• Blog Post Environmental Science Video Ideas
  • Environmental Science Video Ideas

    Economics and Environmental Policy

    In western BC, the government has supported large scale salmon farms. After years of production, these farms have breed lice and disease that have all but eliminated wild salmon from the Frasier river. We’re visiting local activist and BC filmmaker Twyla Roscovich to learn more about how government policies can affect entire regions … and what and understanding of science can do to help save the wildlife of the area. The following is an short video Twyla made about this topic.

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    Environmental Systems – Water Cycles

    The water cycle is fairly easy to conceptualize, but not many have done it quite like we plan on doing it.  We plan to hike the to the top of Acongagua, the highest mountain in South America and then follow the snow and rainmelt on its way to the sea.  It’s an epic cycle, that deserves an epic tale.

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    Population/Community Ecology – Orcas/Sea Otters/Sea Urchins/Giant Kelp

    Nearly every textbook that talks about populations and communities talks about the classic study that showed the relationship with Orcas and Giant Kelp.  Each predator has control over lower trophic levels.  However, even though this is long-quoted study, what is going on today with the sea otters?  Are the orcas still preying on these fury mammals?  We plan to start our investigation in the Kenai Peninsula, AK in the town of Seward.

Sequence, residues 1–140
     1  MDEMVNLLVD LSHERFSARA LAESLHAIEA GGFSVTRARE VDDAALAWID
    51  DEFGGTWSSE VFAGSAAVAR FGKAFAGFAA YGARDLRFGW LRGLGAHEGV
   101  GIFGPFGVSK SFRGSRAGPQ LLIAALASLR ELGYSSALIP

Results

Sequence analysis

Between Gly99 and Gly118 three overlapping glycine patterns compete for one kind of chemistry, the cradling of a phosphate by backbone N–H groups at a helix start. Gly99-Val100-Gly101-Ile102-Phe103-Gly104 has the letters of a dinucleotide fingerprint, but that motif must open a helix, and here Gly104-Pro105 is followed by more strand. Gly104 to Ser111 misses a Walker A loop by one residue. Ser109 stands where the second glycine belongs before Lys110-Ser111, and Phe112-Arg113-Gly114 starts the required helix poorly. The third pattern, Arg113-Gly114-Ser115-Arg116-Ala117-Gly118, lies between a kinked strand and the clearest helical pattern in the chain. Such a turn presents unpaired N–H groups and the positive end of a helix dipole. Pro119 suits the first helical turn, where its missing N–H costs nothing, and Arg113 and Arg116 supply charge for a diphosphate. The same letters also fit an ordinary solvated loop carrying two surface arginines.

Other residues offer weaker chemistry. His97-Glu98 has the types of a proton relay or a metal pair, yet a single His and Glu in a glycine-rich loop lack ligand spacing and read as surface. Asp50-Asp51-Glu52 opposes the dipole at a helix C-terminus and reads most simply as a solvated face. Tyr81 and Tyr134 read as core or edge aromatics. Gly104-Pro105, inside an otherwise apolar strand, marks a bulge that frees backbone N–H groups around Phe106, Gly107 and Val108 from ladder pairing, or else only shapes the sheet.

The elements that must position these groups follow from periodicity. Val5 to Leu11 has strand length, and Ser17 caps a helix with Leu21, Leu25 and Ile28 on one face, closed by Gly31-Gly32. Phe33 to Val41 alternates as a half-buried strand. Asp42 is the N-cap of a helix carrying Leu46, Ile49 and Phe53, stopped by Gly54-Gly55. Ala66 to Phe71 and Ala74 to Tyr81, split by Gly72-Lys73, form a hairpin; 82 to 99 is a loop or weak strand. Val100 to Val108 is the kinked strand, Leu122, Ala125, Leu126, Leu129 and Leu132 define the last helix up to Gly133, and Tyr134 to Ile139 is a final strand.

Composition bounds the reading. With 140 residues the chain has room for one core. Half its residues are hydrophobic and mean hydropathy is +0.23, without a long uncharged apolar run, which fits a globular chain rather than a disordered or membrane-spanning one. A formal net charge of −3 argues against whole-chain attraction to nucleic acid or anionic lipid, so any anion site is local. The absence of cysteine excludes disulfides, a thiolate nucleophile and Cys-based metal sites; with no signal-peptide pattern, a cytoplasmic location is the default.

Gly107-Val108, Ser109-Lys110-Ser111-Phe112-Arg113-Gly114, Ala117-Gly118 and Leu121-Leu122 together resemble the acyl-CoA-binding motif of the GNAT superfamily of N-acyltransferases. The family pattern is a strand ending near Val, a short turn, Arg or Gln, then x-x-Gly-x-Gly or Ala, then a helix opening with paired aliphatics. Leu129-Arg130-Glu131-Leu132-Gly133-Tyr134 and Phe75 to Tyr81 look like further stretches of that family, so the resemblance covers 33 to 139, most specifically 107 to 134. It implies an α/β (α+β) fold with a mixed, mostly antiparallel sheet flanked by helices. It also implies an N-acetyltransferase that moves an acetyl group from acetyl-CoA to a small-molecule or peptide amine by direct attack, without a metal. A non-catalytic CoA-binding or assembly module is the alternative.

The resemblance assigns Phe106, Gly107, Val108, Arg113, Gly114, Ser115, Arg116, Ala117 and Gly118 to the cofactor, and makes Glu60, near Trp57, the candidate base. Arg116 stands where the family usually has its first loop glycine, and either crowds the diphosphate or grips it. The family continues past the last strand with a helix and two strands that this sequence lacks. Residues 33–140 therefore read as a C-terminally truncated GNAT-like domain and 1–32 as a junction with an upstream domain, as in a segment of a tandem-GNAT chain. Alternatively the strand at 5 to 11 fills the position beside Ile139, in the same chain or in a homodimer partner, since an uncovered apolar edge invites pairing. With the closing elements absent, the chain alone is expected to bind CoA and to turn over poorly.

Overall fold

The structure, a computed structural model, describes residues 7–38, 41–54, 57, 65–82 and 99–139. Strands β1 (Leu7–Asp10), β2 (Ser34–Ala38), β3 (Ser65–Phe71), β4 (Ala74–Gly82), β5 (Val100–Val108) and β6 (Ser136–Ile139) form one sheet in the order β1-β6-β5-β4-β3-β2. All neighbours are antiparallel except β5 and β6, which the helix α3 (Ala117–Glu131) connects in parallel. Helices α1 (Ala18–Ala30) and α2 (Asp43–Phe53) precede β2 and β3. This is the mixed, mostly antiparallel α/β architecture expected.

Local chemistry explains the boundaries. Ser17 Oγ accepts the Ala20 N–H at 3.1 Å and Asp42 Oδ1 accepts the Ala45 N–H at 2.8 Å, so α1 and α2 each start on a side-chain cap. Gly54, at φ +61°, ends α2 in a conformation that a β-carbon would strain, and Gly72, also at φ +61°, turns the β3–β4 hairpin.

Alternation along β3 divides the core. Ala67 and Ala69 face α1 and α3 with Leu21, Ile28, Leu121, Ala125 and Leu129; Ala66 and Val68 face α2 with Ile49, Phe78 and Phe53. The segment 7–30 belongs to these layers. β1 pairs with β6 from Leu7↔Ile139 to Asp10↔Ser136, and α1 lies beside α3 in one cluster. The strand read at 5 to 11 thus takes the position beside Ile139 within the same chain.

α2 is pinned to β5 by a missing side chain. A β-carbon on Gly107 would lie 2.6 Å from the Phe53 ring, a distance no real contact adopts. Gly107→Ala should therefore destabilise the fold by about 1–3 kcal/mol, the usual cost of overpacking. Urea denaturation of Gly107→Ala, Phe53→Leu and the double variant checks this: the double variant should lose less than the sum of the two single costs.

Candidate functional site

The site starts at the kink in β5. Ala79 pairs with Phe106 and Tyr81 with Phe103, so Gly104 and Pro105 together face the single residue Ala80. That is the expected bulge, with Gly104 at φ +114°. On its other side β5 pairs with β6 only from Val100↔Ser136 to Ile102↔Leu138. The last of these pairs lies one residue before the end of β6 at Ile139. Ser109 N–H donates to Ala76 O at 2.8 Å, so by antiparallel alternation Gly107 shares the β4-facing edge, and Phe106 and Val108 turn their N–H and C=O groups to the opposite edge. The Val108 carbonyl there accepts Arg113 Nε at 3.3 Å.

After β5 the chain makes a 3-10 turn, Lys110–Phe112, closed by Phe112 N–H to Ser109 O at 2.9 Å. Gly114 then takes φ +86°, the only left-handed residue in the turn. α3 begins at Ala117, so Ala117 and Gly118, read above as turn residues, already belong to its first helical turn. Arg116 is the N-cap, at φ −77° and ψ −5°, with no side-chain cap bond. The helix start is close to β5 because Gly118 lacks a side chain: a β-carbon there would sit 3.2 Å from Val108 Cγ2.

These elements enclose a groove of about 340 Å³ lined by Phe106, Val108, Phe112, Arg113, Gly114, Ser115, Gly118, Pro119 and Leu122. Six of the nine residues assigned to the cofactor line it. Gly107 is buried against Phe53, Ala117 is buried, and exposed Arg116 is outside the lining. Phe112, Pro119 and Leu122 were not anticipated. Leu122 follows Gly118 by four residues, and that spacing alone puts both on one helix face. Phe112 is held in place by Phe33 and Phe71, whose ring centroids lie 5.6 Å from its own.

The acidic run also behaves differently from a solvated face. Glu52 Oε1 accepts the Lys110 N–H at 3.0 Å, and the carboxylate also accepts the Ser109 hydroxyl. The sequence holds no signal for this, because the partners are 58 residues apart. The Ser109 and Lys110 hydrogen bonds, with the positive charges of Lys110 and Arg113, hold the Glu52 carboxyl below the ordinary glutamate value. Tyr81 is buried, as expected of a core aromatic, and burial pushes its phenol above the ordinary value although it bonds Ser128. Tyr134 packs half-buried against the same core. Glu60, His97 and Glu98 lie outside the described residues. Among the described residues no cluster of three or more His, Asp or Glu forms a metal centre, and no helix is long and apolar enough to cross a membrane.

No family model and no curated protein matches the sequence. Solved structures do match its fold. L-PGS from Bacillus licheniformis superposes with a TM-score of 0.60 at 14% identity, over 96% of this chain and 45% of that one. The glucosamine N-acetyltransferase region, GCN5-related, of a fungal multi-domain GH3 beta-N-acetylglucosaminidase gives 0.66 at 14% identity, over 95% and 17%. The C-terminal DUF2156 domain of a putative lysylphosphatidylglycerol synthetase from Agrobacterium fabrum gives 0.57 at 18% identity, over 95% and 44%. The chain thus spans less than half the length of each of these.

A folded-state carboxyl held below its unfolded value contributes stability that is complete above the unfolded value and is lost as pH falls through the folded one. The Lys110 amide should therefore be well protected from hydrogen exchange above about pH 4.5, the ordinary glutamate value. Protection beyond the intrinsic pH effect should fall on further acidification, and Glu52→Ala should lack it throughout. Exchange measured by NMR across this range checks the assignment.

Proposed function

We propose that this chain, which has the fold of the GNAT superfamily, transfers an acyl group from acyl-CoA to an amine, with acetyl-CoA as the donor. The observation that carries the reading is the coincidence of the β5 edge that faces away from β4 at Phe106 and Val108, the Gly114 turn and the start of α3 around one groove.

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    Invasive Species and Biodiversity

    We all know invasive species have been causing havoc all over the world.  However, we haven’t thought about what our native species are doing in other places.  We plan on looking at two organisms, both of which are causing problems in the opposite location.  We’ll look at Water Hyacinth, a south American native aquatic plant that is destroying North American waterways.  We’ll then look at the bullfrog, and American native that is destroying south American native ecosystems.

    World Biomes – The Chaparral, the Desert Scrub, the Desert, The Tundra

    We have four biomes left to complete our series on world biomes.  We’ll hit all four on our journey.  The Chaparral in southern California, the Desert Scrub in Mexico, the Desert in Chili, and the Tundra in northern Alaska.

    Biodiversity – The Yasuni

    The most biodiverse spot in the entire world is a small section of rain forest in Ecuador currently protected known as the Yasuni. This wild amazonian rain forest is home of the Huaorani tribes, and home to more plants and animals per hectare than anywhere else on earth.  Yet, oil has been found in this park and the government wants the western world to pay them to protect it.  The battle isn’t over.  Could the most biodiverse spot on earth fall victim to an oil rush?  We plan on heading into the jungle, talk to the locals and get the real scoop.

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    Human Population